Posted on September 18, 2011 by Curriki|
How many of you use your smart phone as your primary camera? Primary computer, dictionary or note tablet? I’m sure many hands would be raised as we are addicted to having immediate access to information and productivity tools.
Contrasting, the majority of schools nationwide (and possibly worldwide) have banned the use of cell phones in the classroom. This is totally understandable as cellphones can be used as a tool for bullying, cheating, constant texting as well causing classroom distractions if not managed properly. How do you tell the student who wants to use their smart phone to photograph the chalkboard notes he/she can’t when indeed it will help them? A difficult dilemma.
Schools across the US are experimenting and finding the use of mobile phones in a controlled environment are enhancing the classroom learning experience. In a recent blog, Advancing Mobile Phones as Learning Devices, the Principal of New Milford HS experimented and allowed his teachers to use cellphones in the classroom for student response systems. They utilized Poll Everywhere, an application that checks for understanding, reviews prior learning, and informally assess the work. After a year of experimenting with mobile phones in the classroom, he concludes,
“As educators we must establish a vision for our students and model the use of cell phones as mobile learning devices in order to empower them to embrace the same view. We live in a world where these devices are a huge part of our student’s lives. Schools should position themselves to not only take advantage of this resource as budgets are tight, but also teach students about the powerful tool they possess.”
What are your opinions on opening the door to cell phone use as a classroom tool? Please share your experiences and best practices with the educators worldwide. We’ll all benefit!
Read and comment on the original post here.
My two cents: Use the phones as the intelligent tools that they are. Teach appropriate usage and enforce it. We actually have teachers running gleefully out of an active classroom to grab a cell phone from a student with an, “Aha! Caught ya!”.
And it’s the student that is the problem here?
CBC reports on a poll from Leger Marketing that suggests that a great majority of Quebeckers back the idea of merit pay for teachers.
The article points out that it is difficult to find a measure that actually works, but that when done at a very local level, it can work.
I believe that great teachers should earn more than average teachers. But how do you measure it? How do you make certain that favoritism has no role to play? What influences should be considered and how should they be weighted?
No system is perfect. The current system is clearly in need of repair.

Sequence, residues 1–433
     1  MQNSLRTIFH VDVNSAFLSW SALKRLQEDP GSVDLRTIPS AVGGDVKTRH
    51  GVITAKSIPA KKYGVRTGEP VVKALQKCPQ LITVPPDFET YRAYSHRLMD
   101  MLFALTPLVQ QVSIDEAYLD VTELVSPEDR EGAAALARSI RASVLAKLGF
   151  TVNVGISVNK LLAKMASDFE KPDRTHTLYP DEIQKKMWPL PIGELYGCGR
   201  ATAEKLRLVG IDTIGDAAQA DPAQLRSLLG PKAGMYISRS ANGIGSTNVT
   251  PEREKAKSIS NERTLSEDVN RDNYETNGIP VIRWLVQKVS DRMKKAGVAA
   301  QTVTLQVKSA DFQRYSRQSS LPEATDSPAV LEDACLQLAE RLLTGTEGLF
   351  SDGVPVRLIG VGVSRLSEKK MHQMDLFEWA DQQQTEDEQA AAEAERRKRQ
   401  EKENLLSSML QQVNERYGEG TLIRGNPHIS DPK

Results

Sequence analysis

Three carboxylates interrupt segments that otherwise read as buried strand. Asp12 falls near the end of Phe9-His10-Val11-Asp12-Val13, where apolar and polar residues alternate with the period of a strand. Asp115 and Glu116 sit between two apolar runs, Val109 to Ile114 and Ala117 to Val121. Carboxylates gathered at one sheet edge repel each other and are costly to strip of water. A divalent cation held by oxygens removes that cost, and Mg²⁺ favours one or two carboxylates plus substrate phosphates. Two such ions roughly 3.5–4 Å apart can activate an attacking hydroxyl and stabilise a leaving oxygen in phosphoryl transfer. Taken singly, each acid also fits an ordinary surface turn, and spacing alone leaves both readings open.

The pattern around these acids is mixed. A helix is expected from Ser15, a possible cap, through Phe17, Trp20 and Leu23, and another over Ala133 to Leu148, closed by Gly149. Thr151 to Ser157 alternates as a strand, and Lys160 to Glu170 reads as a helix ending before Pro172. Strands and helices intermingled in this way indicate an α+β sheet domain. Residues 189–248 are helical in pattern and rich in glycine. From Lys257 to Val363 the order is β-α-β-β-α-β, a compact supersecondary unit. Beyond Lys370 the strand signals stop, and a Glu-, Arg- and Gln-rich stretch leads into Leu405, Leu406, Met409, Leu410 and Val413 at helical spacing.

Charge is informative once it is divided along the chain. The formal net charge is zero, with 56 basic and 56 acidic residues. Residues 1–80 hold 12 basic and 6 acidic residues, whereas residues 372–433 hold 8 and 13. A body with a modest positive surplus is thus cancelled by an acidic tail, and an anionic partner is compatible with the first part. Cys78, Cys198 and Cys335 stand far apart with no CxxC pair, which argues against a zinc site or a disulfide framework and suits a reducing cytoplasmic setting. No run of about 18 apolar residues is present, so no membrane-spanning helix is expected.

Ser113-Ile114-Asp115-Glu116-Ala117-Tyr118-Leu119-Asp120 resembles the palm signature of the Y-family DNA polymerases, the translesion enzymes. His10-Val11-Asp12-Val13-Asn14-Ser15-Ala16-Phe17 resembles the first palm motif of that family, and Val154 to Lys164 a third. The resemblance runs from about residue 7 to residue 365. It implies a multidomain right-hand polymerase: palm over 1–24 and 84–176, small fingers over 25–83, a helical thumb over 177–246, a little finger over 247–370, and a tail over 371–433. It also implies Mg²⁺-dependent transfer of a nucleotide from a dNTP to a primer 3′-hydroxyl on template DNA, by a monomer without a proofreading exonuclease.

But do we really need merit pay?
Let me call out a teacher right here – at Rosemere High School, we have an English teacher named Keith Bellamy. Our family has been lucky enough to have him. Everyone I know who has dealt with him has been thrilled. In a group on Facebook that brings together RHS alumni, the most common name to read is Keith Bellamy, with students over the past 20+ years saying how much this man has influenced their lives in such positive ways. The man changes lives.
And to top it off, I believe he has been eligible for retirement for a couple of years now – but he keeps coming back, and giving his all to teach our kids.
Great teachers don’t do it for the money, or the recognition. They do it because they have a passion, and the reward is in fulfilling that passion. And that is an amazing thing.
But – wouldn’t it be the right thing to do to reward this type of person relative to his impact on people’s lives?
I don’t know how anyone could argue that we shouldn’t.
Merit pay has its merit.
As a parent, I felt a little defensive a couple of times while reading this. At the same time, I have to agree with 99% of what it says.
We have loads of extremely competent teachers. We have a great number of exceptional teachers. And we have some who could perhaps do better in another profession. In the context of the first two groups, I am 100% on board with the crux of this article. In the context of the few teachers who may be in the wrong profession? It really cannot apply.
Read the article here.
From CBC news online:
Sharpen your pencils and load up the backpacks – it’s time to head back to class. To help parents and students navigate the sometimes difficult school year ahead, we’ve compiled a list of tips drawn from recent studies. How do you soothe pre-exam jitters? What are the benefits of walking to school? Who cheats and why?
Read more about the research here.